Six Appeal: Part 1
WE OUTLINE THE SHORT-BLOCK DETAILS FOR A 200ci INLINE-SIX ENGINE BUILD FOR TODAY’S DRIVING
Building a 200ci inline-six engine for today’s driving—in Part 1, we outline the shortblock details
THE DAY BEFORE I SAT DOWN TO WRITE THIS ARTICLE, A FRIEND OF MINE PURCHASED A VERY NICE SIXCYLINDER 1965 MUSTANG HARDTOP FOR HIS WIFE TO DRIVE—A VERY GOOD, SOLID CAR. His first question to me was, “Do you have an extra 289 or 302 lying around?” Ugh. The curse of the lowly
six-cylinder Mustang. More so in the Mustang world than in the Falcon/Fairlane and other realms, the sixcylinder Mustang has always been a target for an engine swap for more horsepower. Granted, the four-lug wheels and lightweight driveline components weren’t very robust, but the six-cylinder itself was not a terrible combination in the small Mustang platform. In the sixties, with 1960s driving, roads, traffic, and economy, the six was a good choice for a daily driver. Always overshadowed by the V-8 engine, Ford had to make a special promotion in 1966 with the Sprint 200 package to sell more straight-six engines. Even with no overdrive gears, the six was capable of delivering mid-20s mpg numbers in stock form. V-8 conversions started almost immediately with the Mustang and continue to this day. But the cost of converting to a V-8 is starting to get pretty high, and some owners are still in love with the economy that the six-cylinder provides over the heavier, gas-guzzling V-8. So we decided to look at an engine build that would provide us with more horsepower for today’s driving without sacrificing the economy and torque advantages that the straight-six provides.
Prior to this story, we outlined the one mandatory part needed to build a better-than-stock six: the Vintage Inlines cylinder head (mustang-360. com/how-to/engine/1804-finallya-performance-cylinder-head-forford-six-cylinders). After that, we contacted Vintage Inlines in Michigan and told them what we wanted to do—build a six with power for today and the torque and economy the six is traditionally known for. We didn’t want to build a high-horsepower, finicky-in-traffic overbuild you so often see in magazine builds; we wanted a build that made the straight-six an excellent choice for a car that is driven regularly. As a bonus, we were also looking for one-stop shopping to get the build done.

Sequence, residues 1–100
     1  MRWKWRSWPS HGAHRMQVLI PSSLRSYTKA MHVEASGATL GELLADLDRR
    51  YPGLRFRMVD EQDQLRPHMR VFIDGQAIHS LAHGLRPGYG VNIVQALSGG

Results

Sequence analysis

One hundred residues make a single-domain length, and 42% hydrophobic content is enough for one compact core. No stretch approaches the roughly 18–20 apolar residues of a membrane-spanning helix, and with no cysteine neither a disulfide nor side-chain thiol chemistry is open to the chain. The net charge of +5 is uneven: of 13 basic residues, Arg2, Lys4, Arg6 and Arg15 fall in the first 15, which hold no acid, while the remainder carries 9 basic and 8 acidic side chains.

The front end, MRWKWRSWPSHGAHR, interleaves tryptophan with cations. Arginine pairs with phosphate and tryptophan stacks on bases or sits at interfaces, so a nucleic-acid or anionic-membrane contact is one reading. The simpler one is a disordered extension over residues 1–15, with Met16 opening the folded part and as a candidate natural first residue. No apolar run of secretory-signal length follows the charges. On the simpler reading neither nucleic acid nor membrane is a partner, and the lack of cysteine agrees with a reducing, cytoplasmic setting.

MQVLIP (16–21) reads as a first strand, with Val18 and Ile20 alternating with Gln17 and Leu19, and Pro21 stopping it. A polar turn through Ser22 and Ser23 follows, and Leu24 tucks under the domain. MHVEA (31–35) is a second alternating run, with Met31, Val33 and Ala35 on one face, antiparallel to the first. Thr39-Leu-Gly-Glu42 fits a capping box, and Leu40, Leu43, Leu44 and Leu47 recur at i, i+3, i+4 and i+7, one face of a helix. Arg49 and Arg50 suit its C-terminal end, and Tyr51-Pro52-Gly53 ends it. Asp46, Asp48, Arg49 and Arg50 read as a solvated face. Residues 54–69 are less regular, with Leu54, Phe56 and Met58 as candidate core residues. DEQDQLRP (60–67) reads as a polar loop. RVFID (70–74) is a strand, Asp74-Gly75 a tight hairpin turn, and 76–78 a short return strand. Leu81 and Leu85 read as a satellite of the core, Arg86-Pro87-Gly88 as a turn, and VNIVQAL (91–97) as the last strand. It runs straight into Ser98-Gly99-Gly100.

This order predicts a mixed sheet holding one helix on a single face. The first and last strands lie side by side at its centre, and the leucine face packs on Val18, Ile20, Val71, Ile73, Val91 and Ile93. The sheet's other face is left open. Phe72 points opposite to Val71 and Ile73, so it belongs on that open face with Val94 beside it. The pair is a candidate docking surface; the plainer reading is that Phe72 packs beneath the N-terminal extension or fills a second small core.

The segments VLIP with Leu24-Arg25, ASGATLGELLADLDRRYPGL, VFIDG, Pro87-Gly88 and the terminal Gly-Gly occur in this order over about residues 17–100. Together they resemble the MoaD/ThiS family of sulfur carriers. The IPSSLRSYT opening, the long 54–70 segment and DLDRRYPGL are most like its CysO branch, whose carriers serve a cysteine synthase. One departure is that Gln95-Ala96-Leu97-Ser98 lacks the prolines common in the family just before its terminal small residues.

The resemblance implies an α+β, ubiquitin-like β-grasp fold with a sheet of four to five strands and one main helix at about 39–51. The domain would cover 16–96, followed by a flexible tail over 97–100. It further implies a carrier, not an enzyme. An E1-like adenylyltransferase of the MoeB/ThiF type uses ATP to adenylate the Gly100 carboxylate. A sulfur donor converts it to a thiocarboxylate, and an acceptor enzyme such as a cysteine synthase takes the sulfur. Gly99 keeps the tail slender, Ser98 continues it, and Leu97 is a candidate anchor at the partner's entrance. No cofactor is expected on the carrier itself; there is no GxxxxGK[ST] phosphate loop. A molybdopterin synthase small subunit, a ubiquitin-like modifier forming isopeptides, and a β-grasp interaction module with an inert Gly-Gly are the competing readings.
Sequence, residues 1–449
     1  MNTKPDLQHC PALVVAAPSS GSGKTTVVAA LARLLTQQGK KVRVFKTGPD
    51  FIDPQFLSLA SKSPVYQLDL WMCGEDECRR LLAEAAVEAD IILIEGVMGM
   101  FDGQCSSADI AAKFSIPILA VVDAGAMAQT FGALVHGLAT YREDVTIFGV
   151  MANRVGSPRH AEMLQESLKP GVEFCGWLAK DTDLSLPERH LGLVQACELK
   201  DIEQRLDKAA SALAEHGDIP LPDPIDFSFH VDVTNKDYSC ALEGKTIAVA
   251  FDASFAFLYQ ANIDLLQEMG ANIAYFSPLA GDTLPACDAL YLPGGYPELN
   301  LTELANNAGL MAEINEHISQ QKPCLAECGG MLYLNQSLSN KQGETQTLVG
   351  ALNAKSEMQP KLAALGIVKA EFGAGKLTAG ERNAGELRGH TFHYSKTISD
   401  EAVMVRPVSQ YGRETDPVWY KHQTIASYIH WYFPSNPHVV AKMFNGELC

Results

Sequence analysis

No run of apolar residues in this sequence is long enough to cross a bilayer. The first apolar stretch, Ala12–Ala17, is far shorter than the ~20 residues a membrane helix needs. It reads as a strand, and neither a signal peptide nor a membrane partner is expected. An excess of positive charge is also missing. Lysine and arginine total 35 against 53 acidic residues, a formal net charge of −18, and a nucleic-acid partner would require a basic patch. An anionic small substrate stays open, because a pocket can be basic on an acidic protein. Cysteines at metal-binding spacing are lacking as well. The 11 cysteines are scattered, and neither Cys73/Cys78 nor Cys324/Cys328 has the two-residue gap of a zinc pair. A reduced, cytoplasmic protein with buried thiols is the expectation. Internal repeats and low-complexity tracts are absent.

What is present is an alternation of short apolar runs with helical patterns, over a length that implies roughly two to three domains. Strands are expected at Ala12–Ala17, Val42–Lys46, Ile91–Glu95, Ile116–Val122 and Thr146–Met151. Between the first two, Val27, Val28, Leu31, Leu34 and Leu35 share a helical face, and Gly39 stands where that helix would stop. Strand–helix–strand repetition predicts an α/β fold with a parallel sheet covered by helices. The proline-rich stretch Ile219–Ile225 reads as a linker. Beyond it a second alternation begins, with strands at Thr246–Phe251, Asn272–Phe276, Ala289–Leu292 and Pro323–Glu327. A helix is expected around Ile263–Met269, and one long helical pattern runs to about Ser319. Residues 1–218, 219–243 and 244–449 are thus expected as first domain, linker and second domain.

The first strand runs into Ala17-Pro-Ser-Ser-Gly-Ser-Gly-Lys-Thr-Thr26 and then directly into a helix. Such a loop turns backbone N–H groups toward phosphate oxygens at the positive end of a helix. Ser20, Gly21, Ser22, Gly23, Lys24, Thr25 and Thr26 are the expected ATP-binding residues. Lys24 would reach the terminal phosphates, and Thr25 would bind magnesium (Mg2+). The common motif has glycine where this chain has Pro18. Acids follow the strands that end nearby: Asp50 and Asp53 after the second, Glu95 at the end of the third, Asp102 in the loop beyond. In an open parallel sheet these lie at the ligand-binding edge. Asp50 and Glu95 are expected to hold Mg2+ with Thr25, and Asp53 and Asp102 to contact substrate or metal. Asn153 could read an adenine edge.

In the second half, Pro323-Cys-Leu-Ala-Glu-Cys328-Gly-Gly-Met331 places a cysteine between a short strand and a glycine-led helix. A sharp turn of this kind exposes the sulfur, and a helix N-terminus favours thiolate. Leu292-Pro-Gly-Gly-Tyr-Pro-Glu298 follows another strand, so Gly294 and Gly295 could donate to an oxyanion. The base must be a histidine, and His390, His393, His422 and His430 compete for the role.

After thinking it over, we came up with an engine that we feel should get us into the 200-205hp range. That may not sound like much, but our target is one horsepower per cubic inch, which is more than the 205225hp engine of the Fox-body 5.0L era—with the torque of the straightsix engine to boot. As the project unfolded, we started looking at induction systems. We decided that what we built would be used as the test mule to shakedown several different fuel induction systems: The two- and four-barrel carburetors and a couple of fuel injection options, which we are building for an upcoming project. Our plan is to dyno all these different induction systems so you can decide which one is best suited for your driving. But for now, let’s look at our engine and how we plan to reach our goals.
The Ford Thriftpower Six was introduced in 1960 in the form of a 144ci version. Early 1964 Mustangs were fitted with the 170 Special Six, and this was updated to the 200 in 1965. The 200 was used through 1969, when it was replaced by the 250, which was used throughout 1973. Ford re-introduced the 200 back into
the Mustang in 1979, when the 2.8L V-6 was not available in quantity, so the straight-six was back as a replacement mid-1979. The last year of production for the 170 was 1972; the last year for the 200 was 1983; and the 250 ended production in 1980.
Besides the obvious bore and stroke differences, the big difference came in the 200 with the seven main bearings instead of the 170’s four. This helped with not only making the bottom end more durable, but reduced some of the harmonic vibrations in the engine. The 170 had three core plugs on the passenger side, and some of the early 200s also had three. Ford began putting five core plugs in the block mid-1965. The 250 is about 1.66 inches taller than the 200 and around an inch wider.
The inline-six was not only used as a reliable base powerplant in the Ford economy line, it was also known for the one thing all inline engines are known for—torque. “V” engines attach two rods to the same point, which drives the crank with two pistons at that point, increasing horsepower. Inlines connect each rod to a single point, and the push-pull characteristics increase rotational torque. So for the size, inline engines produce more torque than V engines.
The bottom end of the six was very good; the seven main bearings in the 200 and 250 help make the engine very durable. In most street builds, no real special work needs to be done to the bottom end—the rods and crank are very good and can handle a mild build with no prob-
lems. The oiling system is also very good and does not require any special alterations on most engine builds. According to my Bronco friends, the six is much better with cooling as well—where the V-8s overheat (according to them), the sixes remain calm, even with a good build.